The ad industry could soon be using mobiles for a lot more than gossiping about who they have spotted together in The Ivy. A host of agency start-ups and divisions are focusing on mobile phone advertising and the number of major brands taking notice is growing by the day.
So, will mobile one day sit alongside TV, cinema, radio, press, online and outdoor in brands' media schedules? The industry consensus seems to be: "Yes, but it is still early days."
Luca Pagano, the vice-president of Buongiorno UK, the mobile content specialist that owns the Blinko ring-tones-to-wallpaper brand, puts the emergence of "a real market" for mobile advertising no sooner than "next year or even 2008". He says: "What's out there at the moment I don't even consider advertising, to be honest. But I would be bullish enough to say we will see campaigns this year."
Simon Pont, the marketing director at Media Planning Group, agrees that "in many regards, mobile phone marketing is still in its early years; only just crawling, never mind walking". He adds: "For many brands, advertising within the mobile medium is not without associational risks. The mobile phone is arguably the most private medium there is. Any commercial message, particularly an unsolicited one, is likely to be deemed intrusive, met with suspicion and, quite possibly, ignored. Brands want to feel welcome, not resented and met with distrust."
Mark Iremonger, the head of digital at Proximity London, also warns that "mobile can be high-risk. It can be the quickest and easiest way to piss people off if you get it wrong."
Perhaps this explains why mobile phone companies have been reluctant to open up their networks for commercial exploitation by brands until recently (page 37). "Traditionally, the operators have been very cagey about letting advertisers near their customers," Pagano says. "They lose about 30 per cent of their customer base every year, so a key objective is to retain customers. Advertising has always been perceived as the typical thing that would alienate customers and push them away to competitors."
Operators are so fearful of the impact of commercial messages that they even limit their own communications to customers to two per month, Pagano adds. No wonder this has been a no-go area for other brands.
But things are changing with third-generation networks and their ability to stream video and audio to customer handsets. Suddenly, operators are on the lookout for content and advertisers may be able to help them out.
"From the user's perspective, it's free content. From the operator's perspective, it's an added service. And for advertisers, it's a way to get to the audience," Pagano says.
Right now, the audience is primarily a young one. Pont says: "The highest usage in terms of phone minutage, particularly in levels of interactivity, is among teens. Teens are more likely to text, download, play games, respond to discount incentives and opt-ins.
"The medium becomes an obvious point of access for music and film advertisers, but has less immediate logic for upscale brands. Added to which, the majority of opt-in lists advertisers can buy are produced and supplied by ringtone and SMS companies."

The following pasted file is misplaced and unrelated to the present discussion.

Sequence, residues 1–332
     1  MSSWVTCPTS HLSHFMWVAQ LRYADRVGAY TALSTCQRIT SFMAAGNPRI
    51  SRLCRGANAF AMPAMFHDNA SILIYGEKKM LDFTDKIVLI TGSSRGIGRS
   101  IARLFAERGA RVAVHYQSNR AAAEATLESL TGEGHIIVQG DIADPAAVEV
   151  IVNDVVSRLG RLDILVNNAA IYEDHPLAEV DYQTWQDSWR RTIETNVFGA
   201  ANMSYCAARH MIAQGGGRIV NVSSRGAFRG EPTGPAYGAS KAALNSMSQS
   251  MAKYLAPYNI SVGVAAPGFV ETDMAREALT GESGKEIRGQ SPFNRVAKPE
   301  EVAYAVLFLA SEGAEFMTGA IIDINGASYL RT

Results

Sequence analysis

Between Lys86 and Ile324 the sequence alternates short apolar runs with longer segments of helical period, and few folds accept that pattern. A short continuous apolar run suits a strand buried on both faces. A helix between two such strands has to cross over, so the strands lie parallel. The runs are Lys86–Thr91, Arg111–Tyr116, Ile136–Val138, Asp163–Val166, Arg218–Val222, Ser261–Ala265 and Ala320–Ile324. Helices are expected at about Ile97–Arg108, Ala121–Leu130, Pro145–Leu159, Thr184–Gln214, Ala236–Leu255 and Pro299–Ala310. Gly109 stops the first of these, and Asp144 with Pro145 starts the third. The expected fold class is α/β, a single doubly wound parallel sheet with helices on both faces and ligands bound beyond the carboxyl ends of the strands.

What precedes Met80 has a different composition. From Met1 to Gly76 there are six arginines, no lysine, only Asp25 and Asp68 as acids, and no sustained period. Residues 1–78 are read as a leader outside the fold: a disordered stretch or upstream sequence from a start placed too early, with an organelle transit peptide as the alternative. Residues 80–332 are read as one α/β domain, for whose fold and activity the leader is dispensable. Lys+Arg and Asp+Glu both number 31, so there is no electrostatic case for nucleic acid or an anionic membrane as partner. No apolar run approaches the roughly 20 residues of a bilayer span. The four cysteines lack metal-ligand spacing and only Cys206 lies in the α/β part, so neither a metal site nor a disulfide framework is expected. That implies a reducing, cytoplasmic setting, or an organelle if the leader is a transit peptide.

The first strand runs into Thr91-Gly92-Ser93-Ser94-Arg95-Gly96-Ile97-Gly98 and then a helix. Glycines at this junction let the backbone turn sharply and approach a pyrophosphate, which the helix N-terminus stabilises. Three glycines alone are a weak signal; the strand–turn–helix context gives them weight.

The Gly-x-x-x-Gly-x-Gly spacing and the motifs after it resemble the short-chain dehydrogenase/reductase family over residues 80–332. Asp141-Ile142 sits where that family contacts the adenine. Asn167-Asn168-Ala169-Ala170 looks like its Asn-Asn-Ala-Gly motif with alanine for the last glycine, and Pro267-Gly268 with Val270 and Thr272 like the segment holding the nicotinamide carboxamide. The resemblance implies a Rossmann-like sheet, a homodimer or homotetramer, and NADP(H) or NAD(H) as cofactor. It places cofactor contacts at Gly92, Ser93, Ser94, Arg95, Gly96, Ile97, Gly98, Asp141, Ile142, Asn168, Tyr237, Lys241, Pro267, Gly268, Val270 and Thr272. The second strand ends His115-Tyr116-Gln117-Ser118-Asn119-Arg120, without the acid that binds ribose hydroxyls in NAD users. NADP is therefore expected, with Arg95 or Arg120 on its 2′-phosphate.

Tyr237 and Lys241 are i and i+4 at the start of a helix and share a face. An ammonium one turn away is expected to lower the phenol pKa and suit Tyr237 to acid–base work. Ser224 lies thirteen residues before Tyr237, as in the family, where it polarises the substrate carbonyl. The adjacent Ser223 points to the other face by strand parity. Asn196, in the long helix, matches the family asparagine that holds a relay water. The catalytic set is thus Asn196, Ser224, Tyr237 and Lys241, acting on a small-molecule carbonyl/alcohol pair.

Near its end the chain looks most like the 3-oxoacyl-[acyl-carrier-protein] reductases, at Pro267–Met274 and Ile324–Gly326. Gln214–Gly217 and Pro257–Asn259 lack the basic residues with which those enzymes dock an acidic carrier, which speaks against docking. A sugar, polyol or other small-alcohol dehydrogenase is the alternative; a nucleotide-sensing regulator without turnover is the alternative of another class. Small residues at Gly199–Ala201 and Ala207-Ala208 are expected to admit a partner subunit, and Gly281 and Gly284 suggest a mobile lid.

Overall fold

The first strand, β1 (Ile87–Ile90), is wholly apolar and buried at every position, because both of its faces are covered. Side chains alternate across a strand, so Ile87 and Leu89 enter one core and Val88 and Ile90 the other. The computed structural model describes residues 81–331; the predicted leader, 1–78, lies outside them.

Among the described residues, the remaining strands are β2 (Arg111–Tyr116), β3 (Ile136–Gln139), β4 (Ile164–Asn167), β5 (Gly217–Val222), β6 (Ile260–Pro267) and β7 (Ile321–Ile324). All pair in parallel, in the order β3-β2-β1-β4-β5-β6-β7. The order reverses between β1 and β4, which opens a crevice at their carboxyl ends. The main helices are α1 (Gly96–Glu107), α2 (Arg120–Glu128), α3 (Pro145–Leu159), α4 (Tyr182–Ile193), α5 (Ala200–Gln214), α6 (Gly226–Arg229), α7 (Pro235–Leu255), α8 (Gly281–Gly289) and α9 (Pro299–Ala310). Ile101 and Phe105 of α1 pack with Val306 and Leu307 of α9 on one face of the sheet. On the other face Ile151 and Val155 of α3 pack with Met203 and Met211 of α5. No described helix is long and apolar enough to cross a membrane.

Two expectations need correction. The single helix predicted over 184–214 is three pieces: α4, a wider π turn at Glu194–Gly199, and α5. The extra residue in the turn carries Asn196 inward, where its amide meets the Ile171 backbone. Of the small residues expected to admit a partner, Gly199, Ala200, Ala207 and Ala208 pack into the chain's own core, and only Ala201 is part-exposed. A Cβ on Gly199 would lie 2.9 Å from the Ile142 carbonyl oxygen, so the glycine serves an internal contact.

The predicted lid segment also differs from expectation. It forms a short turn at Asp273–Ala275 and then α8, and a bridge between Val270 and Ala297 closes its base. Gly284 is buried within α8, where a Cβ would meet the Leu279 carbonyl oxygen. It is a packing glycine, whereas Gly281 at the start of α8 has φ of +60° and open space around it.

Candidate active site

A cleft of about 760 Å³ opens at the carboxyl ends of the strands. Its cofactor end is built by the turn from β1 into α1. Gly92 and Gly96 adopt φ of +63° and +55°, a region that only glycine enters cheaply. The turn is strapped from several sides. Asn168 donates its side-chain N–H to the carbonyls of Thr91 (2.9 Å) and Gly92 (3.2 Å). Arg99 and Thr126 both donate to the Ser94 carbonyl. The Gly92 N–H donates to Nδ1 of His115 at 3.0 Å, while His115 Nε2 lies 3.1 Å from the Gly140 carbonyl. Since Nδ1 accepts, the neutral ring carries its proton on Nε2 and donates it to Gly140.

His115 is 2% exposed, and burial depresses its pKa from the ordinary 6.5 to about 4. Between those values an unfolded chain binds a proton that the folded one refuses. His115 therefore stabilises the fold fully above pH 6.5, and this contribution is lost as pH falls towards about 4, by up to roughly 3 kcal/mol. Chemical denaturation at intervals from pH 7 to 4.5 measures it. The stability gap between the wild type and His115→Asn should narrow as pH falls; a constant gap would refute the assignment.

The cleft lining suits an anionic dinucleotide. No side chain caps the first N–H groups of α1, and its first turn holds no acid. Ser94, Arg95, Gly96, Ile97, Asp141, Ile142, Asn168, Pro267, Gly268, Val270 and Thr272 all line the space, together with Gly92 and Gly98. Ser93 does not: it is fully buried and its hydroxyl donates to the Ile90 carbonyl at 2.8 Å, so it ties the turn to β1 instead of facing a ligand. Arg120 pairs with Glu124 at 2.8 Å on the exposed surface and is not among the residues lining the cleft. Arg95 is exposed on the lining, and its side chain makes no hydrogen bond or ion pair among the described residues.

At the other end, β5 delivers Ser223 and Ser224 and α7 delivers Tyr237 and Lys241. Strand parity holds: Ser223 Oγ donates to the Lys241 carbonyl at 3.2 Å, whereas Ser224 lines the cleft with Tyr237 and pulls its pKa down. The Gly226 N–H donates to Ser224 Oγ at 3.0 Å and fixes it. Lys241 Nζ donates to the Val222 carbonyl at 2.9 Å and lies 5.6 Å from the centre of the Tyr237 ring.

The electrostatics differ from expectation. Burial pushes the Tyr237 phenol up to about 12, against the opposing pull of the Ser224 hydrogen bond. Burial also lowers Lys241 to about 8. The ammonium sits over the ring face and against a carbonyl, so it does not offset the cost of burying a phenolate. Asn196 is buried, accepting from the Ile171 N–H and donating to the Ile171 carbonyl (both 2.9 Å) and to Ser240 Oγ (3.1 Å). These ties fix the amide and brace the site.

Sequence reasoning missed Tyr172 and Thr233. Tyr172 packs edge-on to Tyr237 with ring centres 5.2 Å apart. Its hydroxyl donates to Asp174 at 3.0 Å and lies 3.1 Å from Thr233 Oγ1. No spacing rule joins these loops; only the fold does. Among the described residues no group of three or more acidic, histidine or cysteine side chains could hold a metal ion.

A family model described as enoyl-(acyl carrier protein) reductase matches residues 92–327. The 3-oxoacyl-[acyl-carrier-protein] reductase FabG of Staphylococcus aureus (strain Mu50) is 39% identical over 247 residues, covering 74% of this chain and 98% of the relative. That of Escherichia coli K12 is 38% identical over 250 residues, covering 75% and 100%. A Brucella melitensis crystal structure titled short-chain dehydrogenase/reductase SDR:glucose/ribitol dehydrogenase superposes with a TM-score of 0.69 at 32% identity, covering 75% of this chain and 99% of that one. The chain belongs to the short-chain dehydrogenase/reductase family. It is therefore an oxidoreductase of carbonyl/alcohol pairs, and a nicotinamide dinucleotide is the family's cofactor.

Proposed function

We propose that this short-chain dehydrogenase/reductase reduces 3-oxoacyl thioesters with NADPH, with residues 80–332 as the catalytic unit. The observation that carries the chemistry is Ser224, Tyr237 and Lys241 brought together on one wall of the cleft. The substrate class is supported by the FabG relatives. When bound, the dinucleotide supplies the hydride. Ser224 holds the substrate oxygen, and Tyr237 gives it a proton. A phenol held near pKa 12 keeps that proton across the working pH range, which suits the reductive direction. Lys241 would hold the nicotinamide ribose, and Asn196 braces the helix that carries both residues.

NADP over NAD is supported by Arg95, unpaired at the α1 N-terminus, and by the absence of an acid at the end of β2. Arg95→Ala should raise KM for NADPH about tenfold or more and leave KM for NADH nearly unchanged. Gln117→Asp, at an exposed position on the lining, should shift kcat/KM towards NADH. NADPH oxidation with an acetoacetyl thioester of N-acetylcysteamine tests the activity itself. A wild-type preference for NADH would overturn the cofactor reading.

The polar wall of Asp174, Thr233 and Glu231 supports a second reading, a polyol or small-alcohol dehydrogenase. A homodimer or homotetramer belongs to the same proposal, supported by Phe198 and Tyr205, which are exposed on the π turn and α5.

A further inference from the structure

Iremonger adds: "Most upmarket advertisers see mobile primarily as a youth medium, although some of the car brands, such as Audi and Volvo, are starting to do interesting things, such as being able to configure your car and keep the specs on your phone."
One problem for quality brand advertisers, though, is the technology.
Much has been made of the potential of location-based services, for example.
But Niek van Veen, a telecom and mobile researcher at the IT analyst Forrester, says because of the wide area covered by mobile base stations, "the location is still uncertain. It hasn't been very successful."
Barry Lee, an account director at Zed Media, adds: "3G needs to be a little more stable. The signal quality and bandwidth isn't there all the time. If I'm a premium brand with premium content but it ends up pixellating, it has a negative impact on the perception of the brand."
There are other challenges. The small size of mobile phone screens poses a problem not only for ads that require detail to get their message across, but for those with lengthy terms and conditions, such as financial advertising.
The maximum duration for MMS video clip files is about ten seconds, hindering viral marketing.
Add to this that you can only market to users who have gone through a double opt-in procedure, that not all mobile systems can admit clickable links in MMS and that the medium has tracking issues, and you begin to wonder why brands would bother at all.
Perhaps the most obvious reason is the level of personalisation that can be achieved. "We can be much more specific about our advertising," Steve Griffiths, the managing partner of Iconmobile UK, a mobile services and applications specialist, says. "You can deliver to a person, not a computer."
Another advantage is the reach of the medium. Last year, the Mobile Data Association confirmed mobile phone penetration in the UK had exceeded 100 per cent (with many people owning more than one mobile).
And while not everyone has a 3G phone yet, Wayne Arnold, the managing director of the digital marketing agency Profero, predicts they will soon.
"3G has about eight million users out of the total UK population of 60 million," he says. "Most mobile phones now have 3G capability and, with people changing their phones every 14 months or so, by Christmas 2007 we should be up to 60 or 70 per cent penetration."